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Zero Waste Groceries: Weavers Way Co-op announces new plan to cut plastic
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Zero Waste Groceries: Weavers Way Co-op announces new plan to cut plastic

Launching on Earth Day, Weavers Way will continue to roll out a new waste reduction program monthly.

Weavers Way Co-op is breaking grocer norms with their efforts to move towards zero waste.

With the help of the Weavers Way Plastic Reduction Task Force, the cooperative grocery store is introducing a container deposit program.

Starting April 22nd, in honor of Earth Day, Weavers Way will begin offering reusable, quart-sized glass soup jars to customers at all four of their locations. Upon purchasing the soup, a $2 deposit covering the cost of the jar will be applied. Once the jar is cleaned and returned to be sanitized, the deposit will be returned to the buyer.

Weavers Way Plastic
Weavers Way Program flyer

The new jars will replace over 2,000 plastic containers sold each month – a huge win for fighting plastic!

Weavers Way mission to reduce plastic waste

After the initial rollout and expansion, Weavers Way will continue to offer a new plastic-reducing swap to customers each month. While some of these may involve container take-backs, others will involve swaps to less harmful single-use packaging materials, such as paper and cardboard.

Other plastic reducing programs are being expanded. While the store’s Ambler location has been collecting used glass yogurt jars from Wholesome Dairy Farms, the Mt. Airy location has begun. Although deposits are not currently collected on these jars (instead using the honor system), this may change due to a pandemic-related glass shortage.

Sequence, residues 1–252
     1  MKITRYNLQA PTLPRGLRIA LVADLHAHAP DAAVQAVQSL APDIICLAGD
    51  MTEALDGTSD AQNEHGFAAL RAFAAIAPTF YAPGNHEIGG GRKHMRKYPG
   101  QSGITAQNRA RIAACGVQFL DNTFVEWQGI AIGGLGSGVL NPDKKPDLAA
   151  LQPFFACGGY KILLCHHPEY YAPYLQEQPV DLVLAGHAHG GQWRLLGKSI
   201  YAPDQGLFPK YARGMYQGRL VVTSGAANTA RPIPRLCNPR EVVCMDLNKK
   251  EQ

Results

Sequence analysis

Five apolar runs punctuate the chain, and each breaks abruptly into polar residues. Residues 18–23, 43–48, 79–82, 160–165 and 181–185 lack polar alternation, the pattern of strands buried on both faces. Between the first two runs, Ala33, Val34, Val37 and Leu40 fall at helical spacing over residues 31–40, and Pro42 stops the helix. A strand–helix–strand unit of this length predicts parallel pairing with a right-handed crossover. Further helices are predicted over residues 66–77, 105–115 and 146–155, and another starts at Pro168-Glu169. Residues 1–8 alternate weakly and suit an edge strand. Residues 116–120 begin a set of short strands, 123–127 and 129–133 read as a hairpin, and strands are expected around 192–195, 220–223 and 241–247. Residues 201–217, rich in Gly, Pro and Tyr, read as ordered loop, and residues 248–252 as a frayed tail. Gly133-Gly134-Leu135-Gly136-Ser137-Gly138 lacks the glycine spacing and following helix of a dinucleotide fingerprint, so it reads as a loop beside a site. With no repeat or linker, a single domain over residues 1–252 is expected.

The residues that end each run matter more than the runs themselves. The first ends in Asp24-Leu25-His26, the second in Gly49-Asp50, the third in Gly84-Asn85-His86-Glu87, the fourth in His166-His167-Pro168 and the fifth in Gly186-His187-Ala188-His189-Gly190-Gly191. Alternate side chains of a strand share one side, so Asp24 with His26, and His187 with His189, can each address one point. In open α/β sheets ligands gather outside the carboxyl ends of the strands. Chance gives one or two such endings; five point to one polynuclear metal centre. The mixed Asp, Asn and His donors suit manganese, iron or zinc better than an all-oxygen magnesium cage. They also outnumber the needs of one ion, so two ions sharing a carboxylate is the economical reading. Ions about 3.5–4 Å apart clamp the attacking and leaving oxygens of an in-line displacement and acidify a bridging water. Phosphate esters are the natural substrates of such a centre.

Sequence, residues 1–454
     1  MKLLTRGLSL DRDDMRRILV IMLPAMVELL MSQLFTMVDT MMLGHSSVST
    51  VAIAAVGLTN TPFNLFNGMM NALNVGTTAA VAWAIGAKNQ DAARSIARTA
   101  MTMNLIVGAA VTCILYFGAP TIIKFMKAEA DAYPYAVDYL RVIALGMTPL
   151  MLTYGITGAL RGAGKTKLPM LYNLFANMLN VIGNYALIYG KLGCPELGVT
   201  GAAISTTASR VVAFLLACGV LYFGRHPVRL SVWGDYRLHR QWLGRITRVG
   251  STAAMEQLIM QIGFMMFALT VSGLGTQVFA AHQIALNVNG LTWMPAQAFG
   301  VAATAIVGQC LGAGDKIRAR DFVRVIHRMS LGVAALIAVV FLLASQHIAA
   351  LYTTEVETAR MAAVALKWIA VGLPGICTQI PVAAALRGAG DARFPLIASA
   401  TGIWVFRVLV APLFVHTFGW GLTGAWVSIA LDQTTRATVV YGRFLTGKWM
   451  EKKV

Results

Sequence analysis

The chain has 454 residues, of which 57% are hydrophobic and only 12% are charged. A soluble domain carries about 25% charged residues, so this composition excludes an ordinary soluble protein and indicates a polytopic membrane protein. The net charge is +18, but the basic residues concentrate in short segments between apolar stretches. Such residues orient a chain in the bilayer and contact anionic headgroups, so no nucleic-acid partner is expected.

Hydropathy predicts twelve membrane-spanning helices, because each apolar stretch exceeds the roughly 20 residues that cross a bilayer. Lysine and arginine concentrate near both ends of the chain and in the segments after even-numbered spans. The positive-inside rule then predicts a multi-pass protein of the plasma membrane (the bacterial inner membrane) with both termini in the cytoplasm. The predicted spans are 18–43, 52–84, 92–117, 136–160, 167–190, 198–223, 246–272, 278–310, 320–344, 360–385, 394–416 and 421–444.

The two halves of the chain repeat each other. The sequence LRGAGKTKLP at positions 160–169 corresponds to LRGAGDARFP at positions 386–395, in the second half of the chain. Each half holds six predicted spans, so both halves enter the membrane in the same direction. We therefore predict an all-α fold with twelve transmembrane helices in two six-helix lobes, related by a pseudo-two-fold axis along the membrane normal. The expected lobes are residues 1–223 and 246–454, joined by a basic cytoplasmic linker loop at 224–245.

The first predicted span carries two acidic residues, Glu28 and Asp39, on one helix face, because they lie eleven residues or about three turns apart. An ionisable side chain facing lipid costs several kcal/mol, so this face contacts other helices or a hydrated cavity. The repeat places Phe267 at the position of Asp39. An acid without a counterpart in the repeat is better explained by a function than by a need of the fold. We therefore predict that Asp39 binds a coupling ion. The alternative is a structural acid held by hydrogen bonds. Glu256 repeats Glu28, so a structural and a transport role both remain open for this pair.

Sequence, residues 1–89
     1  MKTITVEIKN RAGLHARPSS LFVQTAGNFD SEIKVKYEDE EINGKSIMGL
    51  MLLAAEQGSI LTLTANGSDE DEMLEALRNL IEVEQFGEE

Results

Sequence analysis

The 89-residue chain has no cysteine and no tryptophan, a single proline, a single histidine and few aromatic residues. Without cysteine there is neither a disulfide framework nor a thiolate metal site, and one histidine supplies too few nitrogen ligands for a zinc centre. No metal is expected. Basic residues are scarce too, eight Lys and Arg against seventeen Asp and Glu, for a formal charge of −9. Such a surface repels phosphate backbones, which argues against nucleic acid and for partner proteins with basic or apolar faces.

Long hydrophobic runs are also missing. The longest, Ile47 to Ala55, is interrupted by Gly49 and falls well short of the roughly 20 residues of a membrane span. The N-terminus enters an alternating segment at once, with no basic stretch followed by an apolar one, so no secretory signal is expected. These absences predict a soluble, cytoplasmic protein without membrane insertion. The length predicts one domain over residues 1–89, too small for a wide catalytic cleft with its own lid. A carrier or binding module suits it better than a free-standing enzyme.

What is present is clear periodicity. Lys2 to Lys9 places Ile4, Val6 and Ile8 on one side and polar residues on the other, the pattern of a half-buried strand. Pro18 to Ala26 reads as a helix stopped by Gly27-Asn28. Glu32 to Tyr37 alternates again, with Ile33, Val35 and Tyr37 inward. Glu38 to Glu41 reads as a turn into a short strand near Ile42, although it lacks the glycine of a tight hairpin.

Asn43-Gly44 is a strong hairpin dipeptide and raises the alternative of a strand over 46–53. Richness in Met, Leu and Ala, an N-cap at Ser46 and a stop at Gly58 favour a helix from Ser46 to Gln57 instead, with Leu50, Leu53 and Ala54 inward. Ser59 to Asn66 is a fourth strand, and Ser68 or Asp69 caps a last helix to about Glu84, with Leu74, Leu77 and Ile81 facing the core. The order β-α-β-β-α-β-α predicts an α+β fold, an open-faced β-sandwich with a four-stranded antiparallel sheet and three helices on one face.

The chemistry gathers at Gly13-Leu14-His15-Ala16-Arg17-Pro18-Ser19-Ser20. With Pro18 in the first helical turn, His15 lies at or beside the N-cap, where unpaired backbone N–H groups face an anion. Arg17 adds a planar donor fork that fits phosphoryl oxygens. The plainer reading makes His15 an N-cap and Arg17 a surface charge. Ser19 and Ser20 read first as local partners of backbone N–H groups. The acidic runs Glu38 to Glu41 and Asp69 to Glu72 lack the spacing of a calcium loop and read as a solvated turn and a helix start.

Future measures may include replacing plastic cheese packaging for paper wrappers, switching to paper pastry boxes, and more.

Alisa Shargorodsky, founder of Echo Systems and a member of the Plastic Reduction Task Force, has been partnering with Weavers Way to find creative zero-waste solutions including the new program.

Shargorodsky stresses the importance of public participation to the program’s success. “We can create new programs all day long, but if people don’t use them, then it’s fruitless,” she says. If the program receives enough support, Weavers Way hopes to continue offering new ways for customers to reduce waste in the future.

The future of sustainable grocery shopping

Like Tiffin, the Indian restaurant chain which just introduced a new reusable container program, Weavers Way has long hoped to put more sustainability measures into action — but the costs and challenges of doing so have made it difficult to get started. With the pieces finally in place, the hope is that the waste reduction program can continue to expand in the future.

The best part? Anyone can participate in the program; you don’t have to be a Co-op member to shop. Learn more about Weavers Way and membership here.

Image courtesy: Echo Systems


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Sophie Brous
Sophie Brous is an editorial intern at Green Philly. Born and raised in NYC, she now attends Haverford College, where she majors in linguistics. When she's not writing, she can be found exploring cities, making arts and crafts, and finding ways to live a greener lifestyle. View all posts by Sophie Brous

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